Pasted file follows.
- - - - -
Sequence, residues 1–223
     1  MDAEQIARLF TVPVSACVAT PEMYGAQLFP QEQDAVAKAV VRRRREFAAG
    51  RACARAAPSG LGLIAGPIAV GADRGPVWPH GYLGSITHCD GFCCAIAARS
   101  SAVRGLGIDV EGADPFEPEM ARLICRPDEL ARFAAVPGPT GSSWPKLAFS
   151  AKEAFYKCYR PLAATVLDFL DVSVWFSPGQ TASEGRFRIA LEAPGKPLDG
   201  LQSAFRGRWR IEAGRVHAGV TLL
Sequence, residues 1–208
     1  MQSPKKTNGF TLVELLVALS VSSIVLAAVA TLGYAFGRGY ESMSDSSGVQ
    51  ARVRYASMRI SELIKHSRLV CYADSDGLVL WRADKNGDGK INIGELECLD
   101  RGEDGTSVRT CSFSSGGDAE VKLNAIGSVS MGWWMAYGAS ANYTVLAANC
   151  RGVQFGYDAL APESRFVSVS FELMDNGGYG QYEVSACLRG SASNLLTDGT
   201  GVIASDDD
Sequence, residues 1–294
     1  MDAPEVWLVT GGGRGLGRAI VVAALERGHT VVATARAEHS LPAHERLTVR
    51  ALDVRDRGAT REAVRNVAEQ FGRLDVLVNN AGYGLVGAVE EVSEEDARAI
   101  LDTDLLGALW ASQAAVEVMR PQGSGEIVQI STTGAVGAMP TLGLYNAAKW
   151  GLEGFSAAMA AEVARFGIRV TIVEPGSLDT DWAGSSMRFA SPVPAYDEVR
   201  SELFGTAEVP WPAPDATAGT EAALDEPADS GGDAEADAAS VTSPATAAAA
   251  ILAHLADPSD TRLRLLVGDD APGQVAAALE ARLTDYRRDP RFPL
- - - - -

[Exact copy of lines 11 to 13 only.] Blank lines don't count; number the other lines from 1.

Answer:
   151  RGVQFGYDAL APESRFVSVS FELMDNGGYG QYEVSACLRG SASNLLTDGT
   201  GVIASDDD
Sequence, residues 1–294